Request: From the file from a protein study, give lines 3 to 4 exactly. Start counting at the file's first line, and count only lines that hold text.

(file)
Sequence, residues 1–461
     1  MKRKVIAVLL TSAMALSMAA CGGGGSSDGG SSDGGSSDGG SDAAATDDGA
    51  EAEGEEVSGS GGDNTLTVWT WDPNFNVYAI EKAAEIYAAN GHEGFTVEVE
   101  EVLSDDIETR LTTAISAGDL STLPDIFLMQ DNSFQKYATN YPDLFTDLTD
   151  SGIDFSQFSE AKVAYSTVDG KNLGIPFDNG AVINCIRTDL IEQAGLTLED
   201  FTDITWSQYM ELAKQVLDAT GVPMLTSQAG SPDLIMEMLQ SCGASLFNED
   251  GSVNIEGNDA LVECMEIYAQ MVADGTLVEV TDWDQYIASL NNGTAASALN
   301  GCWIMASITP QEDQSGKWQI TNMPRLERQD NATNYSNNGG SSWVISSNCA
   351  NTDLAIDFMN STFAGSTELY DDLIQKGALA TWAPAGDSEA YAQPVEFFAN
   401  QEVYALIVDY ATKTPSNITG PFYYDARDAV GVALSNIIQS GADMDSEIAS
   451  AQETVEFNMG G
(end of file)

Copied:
    51  EAEGEEVSGS GGDNTLTVWT WDPNFNVYAI EKAAEIYAAN GHEGFTVEVE
   101  EVLSDDIETR LTTAISAGDL STLPDIFLMQ DNSFQKYATN YPDLFTDLTD